Edward Laning, whose dream as a young man was to travel across the country in his car, solicit various communities to paint murals in the local courthouses, and execute mural decoration for the cost of the materials and room and board, became an outstanding mural painter with a special talent for figure painting. Born in Petersburg, Illinois in 1906, he studied at the School of the Art Institute of Chicago (1923-24) then at the University of Chicago (1925-27). He received further art instruction for the following three years at the Art Students League in New York under Max Weber, John Sloan, Boardman Robinson, Thomas Hart Benton and Kenneth Hayes Miller. Laning owes much of his style to the latter. Laning would have been exposed to the classical monumentality of Renaissance and Baroque mural painting in Rome, where he was in 1929 and 1931. He won travel grants (Guggenheim and Fulbright), exhibited widely, and took part in WPA mural projects. Meanwhile, Laning became an instructor at the Art Students League (1932-33), at the Cooper Union (1940-43) and headed the department of painting at the Kansas City Art Institute (1945-50).
Laning executed Role of the Immigrant in the Industrial Development of America, a mural for the Aliens’ Dining Room at Ellis Island, which shows off the painter’s skill at rendering the human figure in complicated poses; these works have been restored and are now to be seen in the Federal Building in Brooklyn. Laning did another (The Past as Connecting Thread of Human Life, a triptych) for the Rockingham, North Carolina Post Office (1937). At the Bowling Green, Kentucky Post Office and Court House Laning produced The Long Hunters Discover Daniel Boone (1942). His painting The Corn Dance (Private collection) has been called “a rare social protest painting of a serious Pueblo ritual diminished by the uninvolved tourists.” (Samuels and Samuels, 1976, p. 278). Similar in style and composition is Illinois Camp Meeting. Five murals are to be found in the New York Public Library: The Story of the Recorded Word (1940), one of four stages of writing and a curious WPA Neo-Baroque ceiling in a third floor lobby vault, Prometheus (1941). Here we look up at foreshortened figures arranged on the ends of an imaginary oval space. In the center Prometheus descends, bringing the gift of fire. By 1958 Laning was named a National Academician. He taught at the Art Students League.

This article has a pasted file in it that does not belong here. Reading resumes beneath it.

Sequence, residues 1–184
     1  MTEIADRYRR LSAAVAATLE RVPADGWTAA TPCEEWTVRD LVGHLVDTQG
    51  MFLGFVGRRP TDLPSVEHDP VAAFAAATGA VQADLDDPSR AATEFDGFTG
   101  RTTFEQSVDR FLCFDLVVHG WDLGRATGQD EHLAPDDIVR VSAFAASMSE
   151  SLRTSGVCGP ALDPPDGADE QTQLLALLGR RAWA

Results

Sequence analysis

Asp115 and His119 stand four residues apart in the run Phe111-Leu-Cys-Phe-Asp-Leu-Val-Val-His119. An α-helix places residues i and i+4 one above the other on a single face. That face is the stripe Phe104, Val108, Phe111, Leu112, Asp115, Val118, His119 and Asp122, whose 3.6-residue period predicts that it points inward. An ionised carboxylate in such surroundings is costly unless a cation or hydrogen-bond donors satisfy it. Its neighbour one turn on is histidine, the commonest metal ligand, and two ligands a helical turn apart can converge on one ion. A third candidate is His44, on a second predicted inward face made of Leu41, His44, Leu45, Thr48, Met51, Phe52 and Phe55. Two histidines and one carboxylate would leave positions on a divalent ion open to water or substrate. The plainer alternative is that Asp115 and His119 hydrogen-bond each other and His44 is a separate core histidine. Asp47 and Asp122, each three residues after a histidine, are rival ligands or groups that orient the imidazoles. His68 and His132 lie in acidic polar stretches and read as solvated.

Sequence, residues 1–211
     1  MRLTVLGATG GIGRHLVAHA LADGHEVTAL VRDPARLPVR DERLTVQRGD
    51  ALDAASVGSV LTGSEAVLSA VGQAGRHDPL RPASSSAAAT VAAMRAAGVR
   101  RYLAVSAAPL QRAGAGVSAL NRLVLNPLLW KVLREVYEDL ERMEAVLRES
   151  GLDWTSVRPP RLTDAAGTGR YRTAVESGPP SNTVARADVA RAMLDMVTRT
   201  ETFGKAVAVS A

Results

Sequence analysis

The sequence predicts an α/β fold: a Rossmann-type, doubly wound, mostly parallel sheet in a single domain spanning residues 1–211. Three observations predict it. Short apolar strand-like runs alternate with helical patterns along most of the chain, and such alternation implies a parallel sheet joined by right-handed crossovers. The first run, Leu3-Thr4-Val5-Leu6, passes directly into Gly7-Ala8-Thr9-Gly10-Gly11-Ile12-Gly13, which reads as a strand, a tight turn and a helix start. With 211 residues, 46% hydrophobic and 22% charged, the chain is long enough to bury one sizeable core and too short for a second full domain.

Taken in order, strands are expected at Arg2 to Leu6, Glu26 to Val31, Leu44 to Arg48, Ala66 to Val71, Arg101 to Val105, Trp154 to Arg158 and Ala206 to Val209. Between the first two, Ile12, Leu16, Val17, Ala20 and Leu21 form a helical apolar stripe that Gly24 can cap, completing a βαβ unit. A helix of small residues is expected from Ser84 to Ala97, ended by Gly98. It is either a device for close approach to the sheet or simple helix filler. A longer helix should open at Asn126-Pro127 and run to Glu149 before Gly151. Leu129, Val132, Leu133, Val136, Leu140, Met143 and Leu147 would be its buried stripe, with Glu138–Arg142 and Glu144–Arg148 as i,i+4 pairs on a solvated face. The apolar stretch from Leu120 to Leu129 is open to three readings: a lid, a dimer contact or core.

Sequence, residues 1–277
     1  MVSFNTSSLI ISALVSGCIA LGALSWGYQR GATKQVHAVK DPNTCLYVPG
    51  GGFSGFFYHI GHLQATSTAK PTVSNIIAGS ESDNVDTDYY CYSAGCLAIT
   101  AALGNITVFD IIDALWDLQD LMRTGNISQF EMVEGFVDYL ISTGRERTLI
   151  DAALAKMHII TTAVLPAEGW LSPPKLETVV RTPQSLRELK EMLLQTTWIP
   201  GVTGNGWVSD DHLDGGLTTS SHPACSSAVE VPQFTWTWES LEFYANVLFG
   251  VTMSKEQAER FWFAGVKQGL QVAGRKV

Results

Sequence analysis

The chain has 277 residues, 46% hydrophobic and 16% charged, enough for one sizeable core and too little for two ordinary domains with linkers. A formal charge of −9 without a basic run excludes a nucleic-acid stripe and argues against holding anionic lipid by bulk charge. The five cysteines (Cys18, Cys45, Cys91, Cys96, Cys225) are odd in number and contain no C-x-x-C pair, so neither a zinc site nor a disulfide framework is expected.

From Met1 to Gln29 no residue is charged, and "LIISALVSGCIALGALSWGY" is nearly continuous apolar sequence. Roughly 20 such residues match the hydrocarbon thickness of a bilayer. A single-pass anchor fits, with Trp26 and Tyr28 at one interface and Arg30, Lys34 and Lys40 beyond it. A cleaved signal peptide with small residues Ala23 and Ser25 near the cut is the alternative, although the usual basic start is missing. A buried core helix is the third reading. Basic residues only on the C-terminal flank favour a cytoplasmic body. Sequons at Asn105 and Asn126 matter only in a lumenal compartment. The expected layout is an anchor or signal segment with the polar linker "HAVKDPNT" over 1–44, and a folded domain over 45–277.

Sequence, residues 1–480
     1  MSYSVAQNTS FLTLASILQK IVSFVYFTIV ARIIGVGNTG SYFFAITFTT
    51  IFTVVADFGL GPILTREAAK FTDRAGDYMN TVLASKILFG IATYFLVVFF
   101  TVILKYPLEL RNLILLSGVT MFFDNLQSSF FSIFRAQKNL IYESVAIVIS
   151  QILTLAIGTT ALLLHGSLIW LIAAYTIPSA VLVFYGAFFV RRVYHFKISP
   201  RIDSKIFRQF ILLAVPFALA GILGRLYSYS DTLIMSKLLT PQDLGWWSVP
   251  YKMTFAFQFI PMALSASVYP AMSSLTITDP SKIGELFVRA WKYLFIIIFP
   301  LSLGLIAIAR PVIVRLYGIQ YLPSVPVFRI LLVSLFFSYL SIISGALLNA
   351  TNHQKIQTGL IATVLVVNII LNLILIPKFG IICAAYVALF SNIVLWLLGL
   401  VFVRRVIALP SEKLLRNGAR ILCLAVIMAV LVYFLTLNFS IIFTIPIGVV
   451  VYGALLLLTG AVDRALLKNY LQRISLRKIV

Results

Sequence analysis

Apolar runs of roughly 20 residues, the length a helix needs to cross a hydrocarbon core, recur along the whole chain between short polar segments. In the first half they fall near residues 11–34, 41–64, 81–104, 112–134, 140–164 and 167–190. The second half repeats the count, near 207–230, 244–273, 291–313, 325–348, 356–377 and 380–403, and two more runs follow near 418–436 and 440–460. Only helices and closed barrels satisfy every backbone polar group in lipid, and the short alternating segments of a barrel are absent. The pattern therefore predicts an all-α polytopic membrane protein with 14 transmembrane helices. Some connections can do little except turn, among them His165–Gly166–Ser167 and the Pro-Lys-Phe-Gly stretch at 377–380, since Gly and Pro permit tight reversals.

Hall, W.S. Eyes on America: The United States as Seen by Her Artists. New York: Studio Publications , p. 81; Samuels, Peggy and Harold Samuels. The Illustrated Biographical Encyclopedia of Artists of the American West. Garden City, NY: Doubleday and Co., 1976; Barr, Norman et al. New York City WPA Art. New York: WPA Artists, Inc. , p. 56; Park, Marlene and Gerald E. Markowitz. New Deal for Art: The Government Art Projects of the 1930s with Examples from New York City and State. Hamilton, NY: Gallery Association of New York State, 1977, pp. 56, 58, 108, 156, 160-161; Contreras, Belisario R. Tradition and Innovation in New Deal Art. Lewisburg: Bucknell University Press, 1983, pp. 190-191.
Submitted by Michael Preston Worley, Ph.D.